So last night I dropped a new module on to the CPAN. Normally this would be a cause for celebration, except it turns out I broke Moose.
A Date with Destiny
If you don’t know local::lib, you should. I’ve been using it on a per-project level using John Napiorkowski’s App::local::lib::helper. This works out incredibly well for those nasty internal projects that have hard dependencies on specific versions of modules, or have dependencies on modules that don’t want to talk to each other.
I’ve been using this so much I have a couple scripts setup to make life easier for myself, I just run
use-local-lib and it’ll setup a
perl5/ directory and setup a subshell to make that the default installation target for things like
And because I’ve been incredibly busy learning new things that are totally unrelated to being a developer,
Dist::Zilla has been helping me by making sure things happen the same way every time regardless of how long it’s been since I’d done release engineering. It helps prevent issues like this.
With Great Automation comes Great Responsibility
So the stage was set last night. I’d decided to cut a release of my latest module that I’d been working on for a client project so that I could actually use it for that client project. Just fire up
dzil release, fix the several issues that cropped up with the Git plugin and get it to ship off the latest dist.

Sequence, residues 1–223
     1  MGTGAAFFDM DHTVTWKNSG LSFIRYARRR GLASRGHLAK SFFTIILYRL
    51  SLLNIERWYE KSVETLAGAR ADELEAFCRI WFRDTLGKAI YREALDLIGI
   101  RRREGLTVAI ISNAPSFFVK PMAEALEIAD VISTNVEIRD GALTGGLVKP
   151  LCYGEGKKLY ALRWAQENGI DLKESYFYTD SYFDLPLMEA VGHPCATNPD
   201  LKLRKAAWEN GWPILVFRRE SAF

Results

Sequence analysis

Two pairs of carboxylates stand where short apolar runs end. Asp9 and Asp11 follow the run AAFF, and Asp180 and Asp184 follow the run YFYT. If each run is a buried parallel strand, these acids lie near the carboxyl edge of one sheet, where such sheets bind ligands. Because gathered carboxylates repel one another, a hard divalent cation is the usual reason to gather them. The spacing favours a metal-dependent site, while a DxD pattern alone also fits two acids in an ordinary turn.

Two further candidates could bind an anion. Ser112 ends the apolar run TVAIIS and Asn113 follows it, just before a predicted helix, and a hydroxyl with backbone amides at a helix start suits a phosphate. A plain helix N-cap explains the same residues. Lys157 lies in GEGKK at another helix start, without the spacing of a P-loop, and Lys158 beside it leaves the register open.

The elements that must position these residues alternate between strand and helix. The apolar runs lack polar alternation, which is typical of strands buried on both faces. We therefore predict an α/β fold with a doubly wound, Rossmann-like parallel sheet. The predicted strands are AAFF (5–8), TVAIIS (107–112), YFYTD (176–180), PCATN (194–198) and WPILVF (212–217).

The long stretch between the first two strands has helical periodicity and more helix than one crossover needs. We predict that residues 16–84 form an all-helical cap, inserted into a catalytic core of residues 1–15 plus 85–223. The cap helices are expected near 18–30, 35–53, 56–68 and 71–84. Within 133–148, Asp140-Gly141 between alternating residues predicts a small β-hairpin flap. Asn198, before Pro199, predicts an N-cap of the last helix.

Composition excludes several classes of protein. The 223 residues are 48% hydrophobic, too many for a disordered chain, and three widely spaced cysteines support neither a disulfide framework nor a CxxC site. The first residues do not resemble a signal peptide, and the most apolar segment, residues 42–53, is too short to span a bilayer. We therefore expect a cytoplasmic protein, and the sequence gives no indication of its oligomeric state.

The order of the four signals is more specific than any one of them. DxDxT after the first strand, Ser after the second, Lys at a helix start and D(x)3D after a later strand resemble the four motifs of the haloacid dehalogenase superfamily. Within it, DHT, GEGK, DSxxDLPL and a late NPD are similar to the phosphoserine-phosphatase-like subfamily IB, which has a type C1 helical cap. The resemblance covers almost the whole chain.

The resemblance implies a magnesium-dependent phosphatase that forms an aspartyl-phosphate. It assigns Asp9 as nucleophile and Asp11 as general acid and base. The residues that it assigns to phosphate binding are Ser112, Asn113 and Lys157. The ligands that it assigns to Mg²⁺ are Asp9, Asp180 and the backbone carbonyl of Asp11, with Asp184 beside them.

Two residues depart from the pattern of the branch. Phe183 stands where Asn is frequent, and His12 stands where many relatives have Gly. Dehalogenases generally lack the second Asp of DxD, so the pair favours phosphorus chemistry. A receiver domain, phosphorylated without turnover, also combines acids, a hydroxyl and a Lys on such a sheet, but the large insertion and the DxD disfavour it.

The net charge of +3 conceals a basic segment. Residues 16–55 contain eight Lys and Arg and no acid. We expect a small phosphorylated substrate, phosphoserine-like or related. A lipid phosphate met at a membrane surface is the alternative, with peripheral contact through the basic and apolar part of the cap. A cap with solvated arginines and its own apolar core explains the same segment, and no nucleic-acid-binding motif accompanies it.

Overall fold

Then I notice that it had shipped my
This was made worse by the fact that I happen to have co-maint on a lot of modules that I used on a daily basis. Not that I wrote all of them, just that people (until today) thought I was responsible enough to be a bus number for them. So I had co-maint on large portions of my
The main fix (and the one I didn’t do in a timely enough manner) was to run crying to my local PAUSE admin and tell them what I’d done.
What I had done was, immediately when I noticed, issue a delete request for the bad dist, and create a new good dist and upload that. What needed to happen was for a PAUSE admin to force a reindex (and even then
doy had to create a new release of Moose) of the affected modules.
Finally, I just needed to teach dzil to prune the perl5 directory so that it never happened again. Adding the following to my
dist.ini fixed it.
[PruneFiles] match = ^perl5
This will make sure that after dzil creates the build directory, it removes the local::lib it copied over from the source directory.
Knowing is Half the Battle
So Dist::Zilla is a huge boon not just to people who manage very large numbers of CPAN dists, it’s also nice for people who in-frequently manage CPAN distributions. But with the great power of automation, comes great responsibilty to make sure that it does what you’re expecting. I should have taken a minute or two to check that the distribution direction was what I had expected it to be, and when things had blown up I should have gone and talked to someone to make sure that it had been cleaned up properly.